Without Mary’s Place, a nonprofit organization that helps homeless women – many of whom are escaping abusive situations – 32-year-old “Bear” said that she is uncertain where or when should would get care for her broken teeth.
Bear’s back teeth were damaged as a result of an assault. She was unable to find a dentist to treat her for more than three months. Bear, who has Apple Health coverage, said she called nearly a dozen dental offices to seek treatment. None, she said, accepted the state’s Medicaid coverage.
“I heard the same thing each time,” Bear said. “They said that they couldn’t help me because I didn’t have the right coverage.”
Bear understands firsthand the relief that is felt after a person is able to access essential dental care. Thanks to support from Mary’s Place, Bear was able to have the damaged teeth on the right side of her mouth removed.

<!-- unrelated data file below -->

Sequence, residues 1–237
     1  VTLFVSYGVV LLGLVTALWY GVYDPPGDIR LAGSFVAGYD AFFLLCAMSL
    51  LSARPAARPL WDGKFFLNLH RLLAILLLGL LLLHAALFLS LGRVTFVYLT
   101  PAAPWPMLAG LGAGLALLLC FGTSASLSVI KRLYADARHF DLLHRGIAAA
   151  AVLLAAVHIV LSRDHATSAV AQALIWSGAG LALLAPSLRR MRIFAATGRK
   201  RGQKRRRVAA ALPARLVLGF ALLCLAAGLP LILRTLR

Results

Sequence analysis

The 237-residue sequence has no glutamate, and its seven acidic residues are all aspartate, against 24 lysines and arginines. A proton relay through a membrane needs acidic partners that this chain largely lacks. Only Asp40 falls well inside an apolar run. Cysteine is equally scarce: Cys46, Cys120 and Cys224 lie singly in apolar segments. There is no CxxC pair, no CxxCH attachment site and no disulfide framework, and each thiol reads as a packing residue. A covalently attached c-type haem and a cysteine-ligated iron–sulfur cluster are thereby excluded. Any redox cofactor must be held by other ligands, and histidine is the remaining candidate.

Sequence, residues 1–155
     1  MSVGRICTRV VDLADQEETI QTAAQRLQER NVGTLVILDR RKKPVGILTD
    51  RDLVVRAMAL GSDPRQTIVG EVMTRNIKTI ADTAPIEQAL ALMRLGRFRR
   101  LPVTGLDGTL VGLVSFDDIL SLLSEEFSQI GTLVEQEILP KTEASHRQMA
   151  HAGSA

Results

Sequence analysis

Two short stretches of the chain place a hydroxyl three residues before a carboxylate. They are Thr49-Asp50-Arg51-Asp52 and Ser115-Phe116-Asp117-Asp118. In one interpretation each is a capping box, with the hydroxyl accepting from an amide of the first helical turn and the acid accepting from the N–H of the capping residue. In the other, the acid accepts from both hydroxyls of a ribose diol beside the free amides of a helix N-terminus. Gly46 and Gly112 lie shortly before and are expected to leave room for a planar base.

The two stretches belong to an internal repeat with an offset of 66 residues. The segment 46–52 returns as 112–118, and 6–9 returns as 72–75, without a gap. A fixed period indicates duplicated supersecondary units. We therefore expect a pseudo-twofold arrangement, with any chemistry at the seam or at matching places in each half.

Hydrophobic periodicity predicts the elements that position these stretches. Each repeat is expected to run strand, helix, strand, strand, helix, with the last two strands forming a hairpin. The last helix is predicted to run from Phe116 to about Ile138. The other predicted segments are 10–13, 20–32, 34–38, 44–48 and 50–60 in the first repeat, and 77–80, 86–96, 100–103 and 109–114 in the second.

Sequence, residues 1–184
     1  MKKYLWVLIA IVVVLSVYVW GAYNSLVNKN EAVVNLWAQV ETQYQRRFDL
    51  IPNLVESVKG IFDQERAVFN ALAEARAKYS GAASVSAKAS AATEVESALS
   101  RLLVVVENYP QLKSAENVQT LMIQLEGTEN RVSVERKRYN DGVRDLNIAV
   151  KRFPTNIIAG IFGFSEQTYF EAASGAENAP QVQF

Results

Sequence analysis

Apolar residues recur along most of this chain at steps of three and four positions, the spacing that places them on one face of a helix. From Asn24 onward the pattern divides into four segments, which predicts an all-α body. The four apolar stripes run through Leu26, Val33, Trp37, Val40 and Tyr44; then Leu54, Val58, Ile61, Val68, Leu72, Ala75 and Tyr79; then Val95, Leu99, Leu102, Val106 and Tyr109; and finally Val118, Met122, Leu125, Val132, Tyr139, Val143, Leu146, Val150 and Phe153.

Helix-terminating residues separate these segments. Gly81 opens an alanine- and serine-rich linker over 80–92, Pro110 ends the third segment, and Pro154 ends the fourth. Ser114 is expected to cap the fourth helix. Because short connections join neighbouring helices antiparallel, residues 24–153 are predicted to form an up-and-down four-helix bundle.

“If you were in our shoes, you’d want help too.” – Bear
She said she hopes to soon have the two damaged teeth on the left side of her mouth removed during the next “Dental Day” at Mary’s Place. In the meantime, she said that she has been able to find some temporary relief with topical oral analgesics, warm tea and eating pureed foods and soup.
Bear, who also interns at Mary’s Place, is among the tens of thousands of lower wage workers with Apple Health dental coverage who have difficulty access care. For the fortunate adults who are able to get care, it can be life changing, leading to better oral health, improved job opportunities and increased overall health.
Bear said that she is hoping that more people will understand that supporting efforts that make it easier for low-income patients to receive care is a wise investment that will improve lives for some of the state’s most vulnerable adults.
“We need care like everybody else,” said Bear. “If you were in our shoes, you’d want help too.”